Transferring immovable Cyprus property to a company

George Coucounis explains the tax advantages for transferring Cyprus property to a company, and that in cases of transfer of property to a family company by way of gift the transfer fees are refundable.

There are major advantages to forming a limited company in Cyprus from the tax point of view, and for buying Cyprus property in the company's name. The tax payable is only on net profit earned at the rate of 10% and in case of income earned from rents there is an allowance of 3% on the building cost additionally to any other expenses.

When a company issues dividends to the shareholders who are not Cyprus residents, there is no defense tax payable and for the Cypriots who receive dividends there is a defense tax payable at 15%.

A company which owns property can transfer its shares instead of transferring the property. In such a case, there are no transfer fees payable, though there will be capital gains tax payable on the profit made by selling the shares.

There are also cases where there is a need not only to form a company to register immovable property in its name, but to transfer to it the property by way of a gift. This happens when the property is owned by members of the same family and they decide to transfer their property for development purposes into their company’s name. In such a case, the company is liable for the payment of transfer fees which can be refunded minus a small deduction after the lapse of 5 years, provided the shareholders of the company remain members of the same family up to 3rd degree of relation. Furthermore, such a donation is excluded from the payment of capital gains tax.

The relevant law regarding capital gains tax, 70(I)/94, defines the term “family” to include the spouse and the relatives of up to 3rd degree, whether they are married or not. The same term is also found in the law regarding the payment of transfer fees for the transfer of an immovable property jointly owned by members of the same family to their company. Article 10 of Law 70(I)/94 provides that the disposal of property includes sale…but it does not include donation which is made to a company of limited liability where all the shareholders are members and continue for a period of 5 years after the donation is made to be members of the donator’s family.

Relatives of up to 3rd degree relation are considered by the law to be the parents, the children, the grandchildren, the great grandchildren, the brothers and sisters, uncles and aunts, the nephews and nieces, the grandparents and the great grandparents. The cousins even though they are relatives, they are considered to be relatives of 4th degree and therefore are not entitled to the relevant tax allowance from the capital gains tax and to the return of the transfer fees paid.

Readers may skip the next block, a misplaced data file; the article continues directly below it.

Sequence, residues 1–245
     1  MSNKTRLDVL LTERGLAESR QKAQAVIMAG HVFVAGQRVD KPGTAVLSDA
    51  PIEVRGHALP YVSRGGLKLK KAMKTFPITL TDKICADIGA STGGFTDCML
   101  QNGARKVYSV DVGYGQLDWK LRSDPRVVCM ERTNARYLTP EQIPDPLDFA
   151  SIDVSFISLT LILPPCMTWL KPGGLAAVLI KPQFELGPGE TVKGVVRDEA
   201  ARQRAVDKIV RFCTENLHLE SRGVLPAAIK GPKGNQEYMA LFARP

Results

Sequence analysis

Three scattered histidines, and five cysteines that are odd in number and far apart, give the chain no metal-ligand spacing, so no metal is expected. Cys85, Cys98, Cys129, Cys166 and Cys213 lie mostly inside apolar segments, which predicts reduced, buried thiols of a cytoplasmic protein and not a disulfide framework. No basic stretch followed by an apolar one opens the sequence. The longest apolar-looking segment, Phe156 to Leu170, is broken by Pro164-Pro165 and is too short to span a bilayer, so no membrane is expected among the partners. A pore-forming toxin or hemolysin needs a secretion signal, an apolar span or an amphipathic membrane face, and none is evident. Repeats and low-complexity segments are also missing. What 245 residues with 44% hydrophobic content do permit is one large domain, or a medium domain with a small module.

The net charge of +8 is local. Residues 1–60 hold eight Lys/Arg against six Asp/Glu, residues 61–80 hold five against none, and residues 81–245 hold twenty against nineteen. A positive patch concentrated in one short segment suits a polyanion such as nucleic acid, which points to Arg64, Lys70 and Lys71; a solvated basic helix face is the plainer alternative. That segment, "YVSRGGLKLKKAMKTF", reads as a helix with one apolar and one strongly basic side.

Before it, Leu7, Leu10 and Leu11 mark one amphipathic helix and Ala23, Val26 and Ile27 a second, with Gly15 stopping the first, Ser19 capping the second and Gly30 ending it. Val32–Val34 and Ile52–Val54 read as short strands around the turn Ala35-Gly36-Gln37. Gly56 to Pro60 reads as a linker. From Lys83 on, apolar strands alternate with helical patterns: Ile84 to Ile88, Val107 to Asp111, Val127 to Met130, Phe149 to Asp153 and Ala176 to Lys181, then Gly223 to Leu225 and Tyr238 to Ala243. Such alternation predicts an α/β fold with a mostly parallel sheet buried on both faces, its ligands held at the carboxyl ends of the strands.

The provision for the return of the transfer fees when an immovable property is transferred by way of a gift to a family company is found in article 9(2) of the law, Cap.219 which provides that when an immovable property is transferred to a company of which the only shareholders are any of the following, i.e. the donator who made the transfer and his relatives, and at any time thereafter sufficient proof is submitted to the Director that during a period of 5 years from the day of the transfer, no other person except the donator who made the transfer and his close relatives acquired shares in the company, the Director returns to the company the amount of the transfer fees paid at the day of the transfer, minus the sum of 4% on the assessed value of the property. It is understood that the transfer fees are refundable provided that at the time when they are to be returned, the immovable property continues to be registered in the company’s name.

The aforesaid provision of the law was examined by the Supreme Court of Cyprus in a case where two sisters owned a piece of land, ½ each, which they transferred by way of a gift to their company that claimed the return of the transfer fees. The Director of the Land Registry refused to return the transfer fees and turned down the application on the grounds that there was no close family relation between the donators and the company shareholders, because at the time of the transfer the shareholders in the company were the donators and the husband of one of them.

The Director of the Land Registry considered that there was no close family relation between the donator and her brother-in-law.

The Supreme Court upheld the decision of the Director stating that the criterion set by the law for the return of the transfer fees is the close family relation between the donators and the shareholders and that the shareholders remain as such for the next 5 years. There was no close family relation between the one of the donators and her brother-in-law and therefore, the company was not entitled to the refund of the transfer fees, although the shareholders remained the same for a period of 5 years and the property remained registered in the company’s name.

About the author

George Coucounis

George Coucounis is an experienced lawyer practicing in Larnaca, Cyprus. Educated at University College (London) and Thessaloniki University (Greece), George is fluent in English and has been practicing law in Cyprus since 1982.

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